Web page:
Act on something small. Find little ways to say yes, and backers will see that you’re genuinely interested in acting on some of their ideas. Also, sometimes you can turn it around and inspire the backers to act on their own ideas. For example, Jamey had a backer suggest that we make custom avatars for each of the meeple types during the Tuscany campaign. He told him that it was a good idea, and asked him to make the avatars. He did, and he was very pleased with them.

You can say 'no'

(But please explain why). You might now think “of course I can“, but you might feel different during the campaign. With the campaign come high stress levels, peer pressure, excitement and a different emotional state. When we are grateful for their support, when we are trying to cater to our backers, it's very easy to feel like we should agree to everything. Try to keep your cool and the focus of your project.

Whack a mole

During a project, there is inevitably a time when the conversation in the comments gets way off track. Sometimes it’s okay as long as it’s still engaging and welcoming to backers. But other times it adds a negative energy to the project, or it’s just really unappealing. There have been a few times when 2 or 3 backers use the comments as an instant messaging system between themselves, not realizing how big of a turn off that is for other backers.

So change the conversation. You can introduce new topics and ask questions that can steer the discussion in a completely different direction. Do it wisely. A creator should have a presence in the comments, but not necessarily reply to every comment, which could impede conversation between backers.

Business relationships

While you are at it, why not try to nurture a relationship with your manufacturer, fulfillment provider or shipping company? You can send them a free copy of your product or thank their good work publically. Life is mostly about our meaningful connections anyway.


Whenever a backer cancels or reduces their pledge, Kickstarter sends an about it. It's very hard to not take these personally, but I would urge you to see these as opportunities for learning. You can send them an email, politely asking for the reason for the cancellation and if there is anything you can do to make the project better. Spoiler alert, you will find that the vast majority of cancellations are not about you or your project. Most likely, the person got into a tight financial spot or decided to share postage with a buddy. Do not be alarmed by these emails.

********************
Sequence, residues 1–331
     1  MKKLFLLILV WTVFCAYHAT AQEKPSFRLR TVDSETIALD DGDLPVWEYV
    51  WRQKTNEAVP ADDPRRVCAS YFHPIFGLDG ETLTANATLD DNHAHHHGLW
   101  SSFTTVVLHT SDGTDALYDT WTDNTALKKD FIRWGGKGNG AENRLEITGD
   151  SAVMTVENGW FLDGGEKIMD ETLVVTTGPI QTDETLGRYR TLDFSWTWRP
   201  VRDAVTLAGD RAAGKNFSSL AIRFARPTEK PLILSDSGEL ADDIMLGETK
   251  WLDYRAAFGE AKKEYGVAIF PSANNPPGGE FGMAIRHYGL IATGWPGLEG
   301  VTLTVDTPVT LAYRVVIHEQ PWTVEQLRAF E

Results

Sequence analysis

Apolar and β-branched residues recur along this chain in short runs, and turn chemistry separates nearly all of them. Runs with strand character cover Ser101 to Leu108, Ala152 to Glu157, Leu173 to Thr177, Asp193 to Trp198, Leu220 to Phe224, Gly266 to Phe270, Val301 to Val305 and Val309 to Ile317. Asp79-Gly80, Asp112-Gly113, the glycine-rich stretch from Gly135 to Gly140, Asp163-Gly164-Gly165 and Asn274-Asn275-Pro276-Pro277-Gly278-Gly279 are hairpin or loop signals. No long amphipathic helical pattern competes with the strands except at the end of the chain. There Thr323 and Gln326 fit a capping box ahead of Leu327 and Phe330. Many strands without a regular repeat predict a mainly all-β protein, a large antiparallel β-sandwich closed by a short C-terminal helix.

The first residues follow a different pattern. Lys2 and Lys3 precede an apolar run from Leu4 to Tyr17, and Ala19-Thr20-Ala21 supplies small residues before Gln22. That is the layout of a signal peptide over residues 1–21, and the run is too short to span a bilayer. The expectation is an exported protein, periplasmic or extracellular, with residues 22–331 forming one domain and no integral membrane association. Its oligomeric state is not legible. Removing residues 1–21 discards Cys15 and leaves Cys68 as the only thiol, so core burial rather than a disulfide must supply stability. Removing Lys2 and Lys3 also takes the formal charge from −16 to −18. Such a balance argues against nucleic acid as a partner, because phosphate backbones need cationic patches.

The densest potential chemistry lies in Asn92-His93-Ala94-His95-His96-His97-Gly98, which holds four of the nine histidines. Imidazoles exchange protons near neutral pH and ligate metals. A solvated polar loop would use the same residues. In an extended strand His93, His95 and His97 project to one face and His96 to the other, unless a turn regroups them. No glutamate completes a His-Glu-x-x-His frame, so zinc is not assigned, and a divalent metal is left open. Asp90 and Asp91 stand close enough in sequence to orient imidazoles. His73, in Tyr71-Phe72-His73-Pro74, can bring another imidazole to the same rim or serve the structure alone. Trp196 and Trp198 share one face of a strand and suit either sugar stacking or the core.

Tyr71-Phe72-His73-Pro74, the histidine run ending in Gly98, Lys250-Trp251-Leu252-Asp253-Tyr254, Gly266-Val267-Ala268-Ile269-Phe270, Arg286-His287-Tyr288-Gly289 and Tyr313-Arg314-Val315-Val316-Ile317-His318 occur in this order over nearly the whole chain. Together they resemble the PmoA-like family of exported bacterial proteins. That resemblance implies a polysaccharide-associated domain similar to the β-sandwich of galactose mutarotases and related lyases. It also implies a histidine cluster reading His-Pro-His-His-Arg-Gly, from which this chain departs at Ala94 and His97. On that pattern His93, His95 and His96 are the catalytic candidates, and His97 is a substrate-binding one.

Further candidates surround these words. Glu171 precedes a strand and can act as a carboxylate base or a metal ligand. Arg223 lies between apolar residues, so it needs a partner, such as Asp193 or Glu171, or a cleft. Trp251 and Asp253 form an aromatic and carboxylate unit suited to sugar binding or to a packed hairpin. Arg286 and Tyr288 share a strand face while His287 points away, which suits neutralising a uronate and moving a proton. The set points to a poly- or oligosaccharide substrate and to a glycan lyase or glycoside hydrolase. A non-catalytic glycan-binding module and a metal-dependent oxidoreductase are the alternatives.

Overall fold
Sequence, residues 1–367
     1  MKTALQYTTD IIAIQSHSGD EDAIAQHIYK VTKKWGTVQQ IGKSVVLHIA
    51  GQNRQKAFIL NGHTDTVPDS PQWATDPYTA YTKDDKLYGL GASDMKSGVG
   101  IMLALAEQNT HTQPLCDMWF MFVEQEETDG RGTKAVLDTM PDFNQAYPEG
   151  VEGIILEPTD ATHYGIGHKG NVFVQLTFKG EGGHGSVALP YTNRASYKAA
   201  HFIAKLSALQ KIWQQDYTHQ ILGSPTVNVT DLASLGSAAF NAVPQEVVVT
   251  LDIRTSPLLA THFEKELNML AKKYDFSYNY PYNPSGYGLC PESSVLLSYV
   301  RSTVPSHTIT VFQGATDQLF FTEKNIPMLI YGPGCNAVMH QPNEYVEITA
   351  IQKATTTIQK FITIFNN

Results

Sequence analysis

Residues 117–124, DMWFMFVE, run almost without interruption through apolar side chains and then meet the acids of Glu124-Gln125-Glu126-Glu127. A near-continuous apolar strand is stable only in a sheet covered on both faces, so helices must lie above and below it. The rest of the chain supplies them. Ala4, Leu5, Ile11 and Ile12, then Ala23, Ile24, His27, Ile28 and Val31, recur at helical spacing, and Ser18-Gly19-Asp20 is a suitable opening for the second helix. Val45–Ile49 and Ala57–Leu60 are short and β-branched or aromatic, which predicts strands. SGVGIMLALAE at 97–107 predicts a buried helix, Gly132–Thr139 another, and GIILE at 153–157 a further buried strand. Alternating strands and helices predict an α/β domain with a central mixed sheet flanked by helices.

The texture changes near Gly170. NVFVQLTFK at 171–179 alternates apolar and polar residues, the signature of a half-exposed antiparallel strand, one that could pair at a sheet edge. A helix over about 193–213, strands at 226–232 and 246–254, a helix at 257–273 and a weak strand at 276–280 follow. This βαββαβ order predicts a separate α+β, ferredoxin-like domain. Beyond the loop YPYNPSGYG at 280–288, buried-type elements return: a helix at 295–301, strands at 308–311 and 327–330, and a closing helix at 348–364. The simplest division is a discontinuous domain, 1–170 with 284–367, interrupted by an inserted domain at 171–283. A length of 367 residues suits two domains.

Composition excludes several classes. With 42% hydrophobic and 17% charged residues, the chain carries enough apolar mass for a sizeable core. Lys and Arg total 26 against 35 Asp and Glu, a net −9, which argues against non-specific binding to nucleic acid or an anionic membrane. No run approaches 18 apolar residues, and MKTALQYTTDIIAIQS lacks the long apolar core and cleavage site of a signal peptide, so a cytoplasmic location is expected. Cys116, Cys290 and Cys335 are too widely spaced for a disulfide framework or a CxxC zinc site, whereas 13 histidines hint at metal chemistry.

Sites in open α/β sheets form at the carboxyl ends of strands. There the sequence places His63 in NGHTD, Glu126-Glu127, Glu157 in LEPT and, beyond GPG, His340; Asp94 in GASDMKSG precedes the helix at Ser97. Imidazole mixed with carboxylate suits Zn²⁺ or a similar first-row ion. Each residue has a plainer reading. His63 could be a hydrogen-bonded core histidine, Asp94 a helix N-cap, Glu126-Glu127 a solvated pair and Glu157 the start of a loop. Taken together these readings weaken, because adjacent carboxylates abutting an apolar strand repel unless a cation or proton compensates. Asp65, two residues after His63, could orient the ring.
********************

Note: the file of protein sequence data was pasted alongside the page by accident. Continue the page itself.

Another idea (though I much prefer the above) is to mute such emails. In GMail, you can create a filter for all emails from Kickstarter with the subject line 'has cancelled' or 'has decreased' and you will no longer see these emails. You might think this is cheating, but this will raise your overall mood considerably.

It's really recommended to do one of the above.

The cost of doing business

I'll let Jamey take it away.

My philosophy has slowly shifted to the cost of doing business. Specifically, for every 100 orders, I need to be okay with the cost of those orders amounting to that of 101 orders. There’s a built-in buffer, both logistical and psychological. Adopting this philosophy has, in my opinion, improved the customer service experience. Here’s roughly what my response might look like now:

“Thanks for your note, and I’m sorry your order was delivered to the wrong address. Can you confirm the correct address, and we’ll send you another copy of the game? If you’d like to pay for shipping, you can PayPal $10 to ...@gmail.com

In cases where the game was marked as delivered to the correct address (but the customer didn’t receive it), I’ll recommend that they first check with their neighbors, as in most cases the game was misdelivered nearby. If they can’t find it, I’ll ask for a different mailing address and proceed with the shipment.

The built-in psychological buffer has freed me to default to an immediately helpful response instead of some sort of negotiation. It also helps me, because I stress less about the little things.

The reason we object is that we are looking at what we are losing… money. If you look at what you are gaining - someone being relieved, potentially being a huge fan - it’s completely different.